Judas' greatest crime


According to St. Leo, Judas’ greatest crime was not having denied his Master, but having resisted the call of that loving word, Friend. May we never resist the grace of God. God bless you.


Usually, when we think of the seven deadly sins, we think of pride as the deadliest, but in this case, at least superficially, it appears that one of the lesser of the seven deadly sins was at the root of it, namely, greed.
[/LIST]I suppose they are all deadly though . . .


Indeed his greed was great, but it was forgivable. The problem with Judas was that he, right, resisted the word “Friend,” that is to say (in my interpretation), he never could believe that God would love him after what he had done.

Judas could have crucified Jesus himself, fifty times, and been forgiven. If only he believed that he could be forgiven. But for his part, he denied the love that God had for him, and thought it was impossible to be forgiven. This denial of the infiniteness of God’s love, and the total forgiveness that God offers, was Judas’ demise.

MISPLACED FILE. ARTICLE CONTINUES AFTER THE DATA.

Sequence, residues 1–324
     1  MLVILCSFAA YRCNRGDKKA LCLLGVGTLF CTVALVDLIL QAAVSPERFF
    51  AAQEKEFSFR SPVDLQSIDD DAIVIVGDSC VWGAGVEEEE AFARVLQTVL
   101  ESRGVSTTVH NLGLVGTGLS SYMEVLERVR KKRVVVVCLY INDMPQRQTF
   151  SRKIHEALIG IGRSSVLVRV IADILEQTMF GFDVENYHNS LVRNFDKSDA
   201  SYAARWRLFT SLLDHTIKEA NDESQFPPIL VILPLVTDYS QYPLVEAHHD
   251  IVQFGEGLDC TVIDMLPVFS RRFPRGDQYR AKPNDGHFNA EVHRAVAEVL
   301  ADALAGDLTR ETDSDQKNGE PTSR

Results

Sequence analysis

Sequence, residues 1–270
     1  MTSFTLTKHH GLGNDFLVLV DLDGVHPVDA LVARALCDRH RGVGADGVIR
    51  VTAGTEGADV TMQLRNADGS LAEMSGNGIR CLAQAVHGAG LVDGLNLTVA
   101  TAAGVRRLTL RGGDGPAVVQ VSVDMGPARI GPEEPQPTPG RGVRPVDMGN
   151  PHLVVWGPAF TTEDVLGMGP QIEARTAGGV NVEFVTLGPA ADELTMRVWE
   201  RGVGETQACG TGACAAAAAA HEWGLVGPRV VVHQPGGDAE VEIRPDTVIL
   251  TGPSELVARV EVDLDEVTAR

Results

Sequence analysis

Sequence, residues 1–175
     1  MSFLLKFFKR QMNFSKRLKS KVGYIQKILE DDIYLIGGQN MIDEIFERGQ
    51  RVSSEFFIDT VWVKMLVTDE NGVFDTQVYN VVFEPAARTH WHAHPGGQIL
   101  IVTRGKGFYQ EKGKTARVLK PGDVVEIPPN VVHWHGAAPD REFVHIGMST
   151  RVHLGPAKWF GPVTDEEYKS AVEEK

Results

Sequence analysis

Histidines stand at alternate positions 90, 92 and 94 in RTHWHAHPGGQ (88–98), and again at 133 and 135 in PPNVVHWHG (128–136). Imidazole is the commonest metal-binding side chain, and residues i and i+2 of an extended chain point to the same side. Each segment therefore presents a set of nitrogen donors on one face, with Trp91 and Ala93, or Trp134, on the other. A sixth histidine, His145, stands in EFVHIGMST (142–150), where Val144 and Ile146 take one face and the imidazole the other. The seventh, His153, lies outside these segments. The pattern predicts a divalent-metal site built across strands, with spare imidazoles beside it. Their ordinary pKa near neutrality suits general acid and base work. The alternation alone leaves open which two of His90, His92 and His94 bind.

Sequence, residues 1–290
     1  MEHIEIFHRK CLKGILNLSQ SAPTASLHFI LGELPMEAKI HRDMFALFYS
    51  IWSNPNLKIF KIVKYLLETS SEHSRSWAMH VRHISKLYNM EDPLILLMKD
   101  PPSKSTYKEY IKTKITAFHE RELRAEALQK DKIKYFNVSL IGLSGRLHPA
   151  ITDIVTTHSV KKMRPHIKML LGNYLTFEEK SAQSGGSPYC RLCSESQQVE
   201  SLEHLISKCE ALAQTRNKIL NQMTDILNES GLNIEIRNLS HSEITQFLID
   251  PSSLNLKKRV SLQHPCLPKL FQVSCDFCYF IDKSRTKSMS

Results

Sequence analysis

I think it was neither pride nor greed. Rather unbelief. Here he had witnessed and followed and been taught by God, yet when He had realized what Satan had wrought through him, he saw no choice but to kill himself. He didn’t trust in God to fix things, rather he relied on his own hand to relieve him of the pain.


I have always thought his worst sin was the despair that led him to commit suicide and remove the possibility of penance and thus redemption. The sorrow of the world and all that.


The sin of Judas’ despair is a direct result of the sin of his having resisted the call of that loving word, Friend. These two sins of his are intertwined. And in both of these sins we have a denial of God’s mercy on Judas’ part. I think it is right to say that worst than Judas’ sin of despair is his sin of having denied his call of that loving word, Friend (a call to love and repentance), seeing our Lord’s mercy was clearly evident to him at that moment and seeing it was a rejection of God’s mercy, which ultimately caused his sin of despair. God bless you.


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